About Merrill Ashley
Merrill Ashley was born in St. Paul, Minnesota, and raised in Rutland, Vermont, where she began her ballet studies at the age of seven. In 1964, at the age of 13, she was awarded one of the first Ford Foundation Scholarships to the School of American Ballet in New York, the official school of the New York City Ballet. In 1967 George Balanchine invited Miss Ashley to join the corps de ballet of the New York City Ballet, where she soon appeared in many corps and soloist roles in all facets of the Company’s vast repertoire. By the time she was promoted to soloist in 1974, she was already in some of the most technically demanding roles ever choreographed by Balanchine.

1977 held two milestones for Miss Ashley: she was promoted to principal dancer and Balanchine choreographed his first ballet for her, Ballo della Regina. In 1980 Balanchine choreographed one of his last ballets, Ballade, for Miss Ashley. It was of this ballet that the New York Times said hers “was the kind of dancing that helps shape the standards of greatness.” During her 31 year career in the New York City Ballet, she also danced in a wide variety of ballets in the Jerome Robbins repertoire, including Dances at a Gathering and The Goldberg Variations. He originated roles for her in Concertino and Brahms/Handel, the latter of which he choreographed with Twyla Tharp. In 1988 she originated a principal role in Peter Martins’ Barber Violin Concerto and in 1989 premiered another principal role in his Fearful Symmetries. In 1991 she originated the role of “Carabosse” in Peter Martins’ The Sleeping Beauty.

Miss Ashley retired on November 25, 1997, at a gala celebration opening the New York City Ballet’s winter season. She immediately joined the artistic staff of the New York City Ballet where she was the teaching associate, coaching dancers in their roles and teaching Company class until January 2009. Currently, Miss Ashley stages Balanchine ballets, teaches at schools and companies all over the world as well as lecturing about Balanchine and his teaching and choreography.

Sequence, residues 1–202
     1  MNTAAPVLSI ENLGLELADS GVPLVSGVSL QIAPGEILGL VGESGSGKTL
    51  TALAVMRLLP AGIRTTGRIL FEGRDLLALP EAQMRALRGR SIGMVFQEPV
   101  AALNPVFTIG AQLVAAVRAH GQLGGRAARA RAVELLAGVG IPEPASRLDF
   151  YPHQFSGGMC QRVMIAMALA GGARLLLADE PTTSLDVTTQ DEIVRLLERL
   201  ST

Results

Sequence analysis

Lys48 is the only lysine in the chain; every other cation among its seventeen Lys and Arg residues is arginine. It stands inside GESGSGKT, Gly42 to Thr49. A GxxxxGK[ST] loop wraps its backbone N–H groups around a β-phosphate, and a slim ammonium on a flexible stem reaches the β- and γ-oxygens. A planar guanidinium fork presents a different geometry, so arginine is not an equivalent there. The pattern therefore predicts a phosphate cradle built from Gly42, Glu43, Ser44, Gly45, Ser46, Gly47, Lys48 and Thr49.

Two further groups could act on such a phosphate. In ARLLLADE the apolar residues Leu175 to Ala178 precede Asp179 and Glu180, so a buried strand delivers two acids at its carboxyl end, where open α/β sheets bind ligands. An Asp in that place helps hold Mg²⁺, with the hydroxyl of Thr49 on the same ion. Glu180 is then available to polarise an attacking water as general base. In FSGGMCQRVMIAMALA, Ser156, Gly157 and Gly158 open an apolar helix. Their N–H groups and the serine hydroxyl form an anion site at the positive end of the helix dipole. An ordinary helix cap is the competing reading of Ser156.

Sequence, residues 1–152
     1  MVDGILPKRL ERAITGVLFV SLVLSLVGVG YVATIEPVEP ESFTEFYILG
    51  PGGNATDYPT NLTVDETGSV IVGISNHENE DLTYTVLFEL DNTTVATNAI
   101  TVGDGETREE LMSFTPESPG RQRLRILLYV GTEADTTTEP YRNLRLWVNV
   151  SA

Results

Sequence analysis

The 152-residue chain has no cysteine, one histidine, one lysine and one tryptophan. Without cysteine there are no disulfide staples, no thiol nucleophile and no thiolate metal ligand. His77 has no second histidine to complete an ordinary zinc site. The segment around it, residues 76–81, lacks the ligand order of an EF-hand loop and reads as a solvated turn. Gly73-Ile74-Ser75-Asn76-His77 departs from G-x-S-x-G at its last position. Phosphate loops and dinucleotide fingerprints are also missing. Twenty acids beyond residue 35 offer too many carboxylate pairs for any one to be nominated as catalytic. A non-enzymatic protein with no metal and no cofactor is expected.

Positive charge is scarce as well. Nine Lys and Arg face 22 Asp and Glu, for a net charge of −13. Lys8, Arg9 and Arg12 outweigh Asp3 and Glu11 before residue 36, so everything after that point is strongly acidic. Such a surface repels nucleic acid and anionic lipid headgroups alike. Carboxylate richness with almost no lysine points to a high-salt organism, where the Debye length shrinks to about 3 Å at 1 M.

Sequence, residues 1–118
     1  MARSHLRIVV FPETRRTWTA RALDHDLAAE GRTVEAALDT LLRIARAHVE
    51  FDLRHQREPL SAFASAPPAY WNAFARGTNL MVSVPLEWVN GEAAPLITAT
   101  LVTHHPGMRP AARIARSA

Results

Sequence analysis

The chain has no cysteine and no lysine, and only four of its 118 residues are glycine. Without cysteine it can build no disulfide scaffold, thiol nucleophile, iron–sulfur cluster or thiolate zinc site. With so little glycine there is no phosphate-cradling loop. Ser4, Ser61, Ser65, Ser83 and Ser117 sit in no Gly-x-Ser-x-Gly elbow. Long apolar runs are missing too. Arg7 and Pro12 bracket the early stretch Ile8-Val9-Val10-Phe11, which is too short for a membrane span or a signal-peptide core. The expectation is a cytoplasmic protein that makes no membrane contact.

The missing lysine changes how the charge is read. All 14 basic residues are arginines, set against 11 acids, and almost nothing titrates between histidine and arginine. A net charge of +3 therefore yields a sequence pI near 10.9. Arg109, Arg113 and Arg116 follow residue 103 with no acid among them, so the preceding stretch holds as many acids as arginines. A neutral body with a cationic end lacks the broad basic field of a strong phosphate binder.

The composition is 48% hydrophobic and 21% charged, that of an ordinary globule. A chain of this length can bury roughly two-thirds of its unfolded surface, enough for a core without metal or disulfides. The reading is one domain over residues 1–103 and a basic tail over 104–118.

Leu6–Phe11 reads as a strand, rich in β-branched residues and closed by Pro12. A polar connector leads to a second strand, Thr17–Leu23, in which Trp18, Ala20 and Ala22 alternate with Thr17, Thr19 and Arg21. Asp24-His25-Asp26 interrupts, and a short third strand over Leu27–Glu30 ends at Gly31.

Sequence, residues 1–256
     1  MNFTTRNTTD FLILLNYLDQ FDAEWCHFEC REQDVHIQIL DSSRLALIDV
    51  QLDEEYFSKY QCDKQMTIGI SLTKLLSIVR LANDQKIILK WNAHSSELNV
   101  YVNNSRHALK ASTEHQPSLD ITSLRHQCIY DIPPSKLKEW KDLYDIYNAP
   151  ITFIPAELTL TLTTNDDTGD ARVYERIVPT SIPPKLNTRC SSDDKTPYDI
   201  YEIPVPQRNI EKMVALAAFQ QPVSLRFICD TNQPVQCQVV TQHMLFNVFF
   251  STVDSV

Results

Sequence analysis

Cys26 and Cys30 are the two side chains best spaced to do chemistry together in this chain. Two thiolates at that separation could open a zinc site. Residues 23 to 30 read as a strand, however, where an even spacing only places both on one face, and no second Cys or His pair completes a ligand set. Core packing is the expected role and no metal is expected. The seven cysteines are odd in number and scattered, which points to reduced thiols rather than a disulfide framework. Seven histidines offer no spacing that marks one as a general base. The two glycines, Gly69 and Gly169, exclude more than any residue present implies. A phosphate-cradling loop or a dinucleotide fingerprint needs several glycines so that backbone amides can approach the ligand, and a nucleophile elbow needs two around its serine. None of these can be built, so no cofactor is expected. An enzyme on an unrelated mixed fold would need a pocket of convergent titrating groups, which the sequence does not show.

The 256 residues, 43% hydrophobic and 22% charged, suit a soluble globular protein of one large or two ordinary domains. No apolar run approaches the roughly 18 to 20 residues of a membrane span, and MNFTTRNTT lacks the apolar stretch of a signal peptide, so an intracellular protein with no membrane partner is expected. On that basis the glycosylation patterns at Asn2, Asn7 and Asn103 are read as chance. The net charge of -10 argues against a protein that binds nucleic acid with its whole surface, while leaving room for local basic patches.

Outside of her work at New York City Ballet, Miss Ashley danced in many guest appearances around the world and appeared on television numerous times, particularly in PBS’ Dance in America series. In 1984, her autobiography “Dancing for Balanchine” was published by E. P. Dutton. She is the co-author and co-artistic director and dancer in the video series “The Balanchine Essays,” which gives explanations and demonstrations of the Balanchine Technique®, as well as showing excerpts from Balanchine ballets. In 1987 she received the Dance Magazine Award and in 2011 she was given the Jerome Robbins Award.

She is married to Kibbe Fitzpatrick, a retired United Nations simultaneous interpreter, and she divides her time between New York City and Naples, Florida.